This article is part of a partnership with Grup 14, an organization dedicated to Futbol Club Barcelona and supporters around the world. The Pep Episodes is created by Alex Truica and originally published at Grup14.com.
It was not meant to be. Fine, marginal things cost Bayern their desired final in the Champions League, cost Pep Guardiola a chance to finally win this damned European trophy with the big ears. Again, the semi-final was the final stop for his Bayern side, and yet again against a Spanish team. “The bitter hat-trick”, lamented kicker sports magazine, rightfully pointing out that in all his three years in Munich, Guardiola has been eliminated in the penultimate stage of the UCL against a team from his native country.
“I’ve done the best I can do. I fought, I gave my life for this team,” Guardiola said gushingly, but again, it just wasn’t meant to be. Again, these damn Spaniards have been just a tiny bit better, at least regarding the final result; Bayern lost due to the away goal rule – the tightest possible elimination. “The Spanish teams are very, very good,” Guardiola said to a reporter, who replied he’d know that, the Catalan went on: “Yes, but people maybe don’t know. Spanish teams are very, very good,” he repeated. And they are.
So is it a failure to go out against Atletico, arguably by far the best defense in world football, only because of one missing goal? It shouldn’t – but it will be, for large parts of the media and fans. Simply because they expected more from Guardiola. They expected the UCL trophy, a treble – at least one.
Guardiola’s arrival in Munich already was something else. People marvelled at him like an extraterrestrial landed on earth, something god-like, with higher powers, who would bring silverware en masse and beautiful football and win after win without any losses to the already spoiled Bavarians – somebody who will “take them to the Olympus”, as Sport1 nicely put it. Guardiola didn’t even start his work at Säbener Straße, and he was already canonized. With these expectations, Guardiola could only lose.
As a matter of fact, he did bring beautiful football and many many wins and records to Munich – but he didn’t bring the anticipated Champions League. He didn’t even reach a single final. So this must be a failure, right? Wrong.
“Guardiola’s greatest achievement might just be creating such unrealistic expectations that nothing short of perfection is considered failure,” Rafael Hernandez beautifully summarized on twitter.
People often forget that on this stage of world football, the smallest details matter – details that no manager in the world can influence: Like a missed penalty (Müller) or a shot against the crossbar (Alaba) or a tiny mistake in build-up play and counterpressing (Boateng). For 135 of the 180 minutes against Atletico, Bayern were superior and by far the better team. They had everything, they did (almost) everything right – even Diego “Cholo” Simeone admitted that Bayern was the best opponent he ever played against and their first 45 minutes in the second leg has been “incredible”. But sometimes, even incredible is just not enough, a bad first half or one or two small errors can cost you even if you dominate for three of the other four halves.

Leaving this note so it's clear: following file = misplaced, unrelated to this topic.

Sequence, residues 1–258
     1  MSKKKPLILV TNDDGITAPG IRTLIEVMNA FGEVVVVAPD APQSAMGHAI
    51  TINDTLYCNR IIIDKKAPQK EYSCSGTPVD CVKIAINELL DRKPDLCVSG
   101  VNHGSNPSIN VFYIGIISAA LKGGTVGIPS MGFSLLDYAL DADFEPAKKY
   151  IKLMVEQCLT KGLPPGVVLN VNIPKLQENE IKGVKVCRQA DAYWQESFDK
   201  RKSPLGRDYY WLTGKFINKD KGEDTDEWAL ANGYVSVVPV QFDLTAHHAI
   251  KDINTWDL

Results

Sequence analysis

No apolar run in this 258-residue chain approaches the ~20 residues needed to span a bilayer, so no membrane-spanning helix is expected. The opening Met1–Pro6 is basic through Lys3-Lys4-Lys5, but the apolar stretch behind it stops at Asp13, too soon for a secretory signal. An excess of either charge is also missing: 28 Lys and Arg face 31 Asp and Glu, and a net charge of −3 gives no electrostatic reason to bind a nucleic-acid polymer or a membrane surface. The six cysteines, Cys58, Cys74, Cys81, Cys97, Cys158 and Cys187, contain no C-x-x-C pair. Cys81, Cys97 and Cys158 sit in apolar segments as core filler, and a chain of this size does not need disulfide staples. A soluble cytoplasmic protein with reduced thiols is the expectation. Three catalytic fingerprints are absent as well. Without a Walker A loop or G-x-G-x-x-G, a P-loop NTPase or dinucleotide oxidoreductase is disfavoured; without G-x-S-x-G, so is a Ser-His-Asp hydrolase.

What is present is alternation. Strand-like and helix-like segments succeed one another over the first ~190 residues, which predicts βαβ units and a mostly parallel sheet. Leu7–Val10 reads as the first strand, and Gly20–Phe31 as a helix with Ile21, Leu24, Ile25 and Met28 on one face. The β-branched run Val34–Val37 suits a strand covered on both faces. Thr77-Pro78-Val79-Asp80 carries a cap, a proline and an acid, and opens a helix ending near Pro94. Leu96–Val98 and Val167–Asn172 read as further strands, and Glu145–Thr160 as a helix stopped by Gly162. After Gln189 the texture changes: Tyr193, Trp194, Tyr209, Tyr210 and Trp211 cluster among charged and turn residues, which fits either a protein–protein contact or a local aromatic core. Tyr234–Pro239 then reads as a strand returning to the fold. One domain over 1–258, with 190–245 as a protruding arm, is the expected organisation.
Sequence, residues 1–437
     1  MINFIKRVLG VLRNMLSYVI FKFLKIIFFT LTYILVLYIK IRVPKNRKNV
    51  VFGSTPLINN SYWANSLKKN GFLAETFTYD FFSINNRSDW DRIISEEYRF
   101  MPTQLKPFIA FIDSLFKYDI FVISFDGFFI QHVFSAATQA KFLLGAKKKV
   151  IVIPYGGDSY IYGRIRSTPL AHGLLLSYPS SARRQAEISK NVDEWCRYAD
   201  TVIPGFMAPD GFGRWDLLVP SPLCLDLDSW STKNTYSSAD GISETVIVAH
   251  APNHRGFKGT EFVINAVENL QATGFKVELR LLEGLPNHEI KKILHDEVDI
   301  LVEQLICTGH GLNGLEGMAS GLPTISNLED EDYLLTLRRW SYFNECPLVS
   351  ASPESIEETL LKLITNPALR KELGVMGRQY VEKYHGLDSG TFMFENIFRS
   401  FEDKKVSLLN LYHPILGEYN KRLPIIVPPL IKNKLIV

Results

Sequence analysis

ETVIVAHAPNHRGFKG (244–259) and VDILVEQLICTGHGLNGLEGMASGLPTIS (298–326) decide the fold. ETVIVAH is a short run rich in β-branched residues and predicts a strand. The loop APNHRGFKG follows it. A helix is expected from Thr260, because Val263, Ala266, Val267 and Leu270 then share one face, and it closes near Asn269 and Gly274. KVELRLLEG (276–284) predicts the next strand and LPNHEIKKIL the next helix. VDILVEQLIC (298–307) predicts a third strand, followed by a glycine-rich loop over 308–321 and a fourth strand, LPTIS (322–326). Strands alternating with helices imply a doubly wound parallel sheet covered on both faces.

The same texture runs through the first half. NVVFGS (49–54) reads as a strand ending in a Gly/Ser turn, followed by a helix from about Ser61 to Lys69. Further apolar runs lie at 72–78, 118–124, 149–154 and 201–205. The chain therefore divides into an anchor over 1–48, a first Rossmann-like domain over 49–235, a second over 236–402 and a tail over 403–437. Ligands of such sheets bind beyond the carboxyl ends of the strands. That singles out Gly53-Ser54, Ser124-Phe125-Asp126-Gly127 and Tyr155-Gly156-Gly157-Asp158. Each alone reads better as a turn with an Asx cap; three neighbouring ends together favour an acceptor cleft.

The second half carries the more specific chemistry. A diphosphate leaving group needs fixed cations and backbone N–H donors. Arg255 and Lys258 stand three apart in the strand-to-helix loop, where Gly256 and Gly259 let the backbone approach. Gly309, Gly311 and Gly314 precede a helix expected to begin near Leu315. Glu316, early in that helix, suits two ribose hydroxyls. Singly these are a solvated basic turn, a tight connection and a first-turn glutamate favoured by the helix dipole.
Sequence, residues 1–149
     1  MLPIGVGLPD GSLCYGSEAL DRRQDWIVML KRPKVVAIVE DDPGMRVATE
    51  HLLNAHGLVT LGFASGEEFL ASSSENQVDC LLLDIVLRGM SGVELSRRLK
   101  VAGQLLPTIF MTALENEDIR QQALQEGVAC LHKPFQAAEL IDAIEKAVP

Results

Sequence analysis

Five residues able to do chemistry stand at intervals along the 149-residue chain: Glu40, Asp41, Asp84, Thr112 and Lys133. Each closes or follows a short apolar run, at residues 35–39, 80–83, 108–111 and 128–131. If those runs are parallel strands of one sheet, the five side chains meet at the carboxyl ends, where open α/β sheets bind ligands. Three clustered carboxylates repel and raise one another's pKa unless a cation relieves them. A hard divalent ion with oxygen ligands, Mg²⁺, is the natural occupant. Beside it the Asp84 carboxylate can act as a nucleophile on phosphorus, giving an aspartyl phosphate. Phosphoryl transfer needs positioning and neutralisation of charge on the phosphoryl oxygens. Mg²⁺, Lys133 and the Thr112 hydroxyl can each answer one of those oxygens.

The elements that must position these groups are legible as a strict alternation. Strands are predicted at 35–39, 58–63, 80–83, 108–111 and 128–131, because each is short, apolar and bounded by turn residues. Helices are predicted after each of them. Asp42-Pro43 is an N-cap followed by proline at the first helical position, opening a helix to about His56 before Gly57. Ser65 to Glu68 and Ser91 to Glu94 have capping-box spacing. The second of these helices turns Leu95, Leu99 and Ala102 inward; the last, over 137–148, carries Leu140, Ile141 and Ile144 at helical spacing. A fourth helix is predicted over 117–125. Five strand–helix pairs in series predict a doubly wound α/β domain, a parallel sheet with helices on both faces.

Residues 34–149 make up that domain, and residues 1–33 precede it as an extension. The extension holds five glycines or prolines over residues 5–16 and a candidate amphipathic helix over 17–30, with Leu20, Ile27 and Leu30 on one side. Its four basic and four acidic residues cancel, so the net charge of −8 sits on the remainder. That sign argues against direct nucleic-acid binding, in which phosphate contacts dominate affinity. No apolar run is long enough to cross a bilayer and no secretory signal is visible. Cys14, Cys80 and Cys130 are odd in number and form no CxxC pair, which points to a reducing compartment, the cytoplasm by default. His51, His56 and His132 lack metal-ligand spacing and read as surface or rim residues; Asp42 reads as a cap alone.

Pressure, fluidity, goalscoring opportunities, possession – Bayern played close to perfection, just not close enough to it. Guardiola searches for perfection in football, he wants to eliminate coincidences out of it. But football can be crazy, irrational, unpredictable. No tactics in the world can prevent players from making mistakes, from collapsing under the pressure of the meaningful event. In the first game at the Vicente Calderon, Guardiola left out Müller – and everybody criticised him for that. In the second leg, he played Müller – and the German International, usually an extraordinary good penalty taker, missed from the spot. Irony of fate.
“It was a win of the ugly football against the most beautiful football in the world,” moaned Bayerns midfield warrior Arturo Vidal, of all people. Atletico Madrid surely doesn’t care, and after a few days, the media won’t either. What remains is again: not fulfilling his mission. Failure. The failure to reach the final, to win the prestigious cup. Guardiola’s failure, not the one of his team. That’s how people see it, this will be the overall conclusion when the dust of their amazing performance settled.
In every newspaper, every TV show, journalists are asking the same odd question: “What will remain of Pep Guardiola?” And you get the same answers, only in different nuances: His team played awesome football, he is a tactical magician – but he failed to deliver the UCL to this proud, sometimes arrogant Bavarian club.
So he is not up to their managing legends like, yes, Jupp Heynckes, who brought them the treble in 2013. What almost everybody forgets: The year before that, Heynckes finished second in all three competitions. Back then, he wasn’t considered a failure, simply because people didn’t have excessive expectations. Heynckes could actually win something. Guardiola, on the other hand, could only lose. From the very beginning.
The Pep Episodes is a weekly column about the adventures of Pep Guardiola in Munich exclusively written for Grup14 by Alex Truica, a freelance sports journalist and editor. You can follow him on Twitter.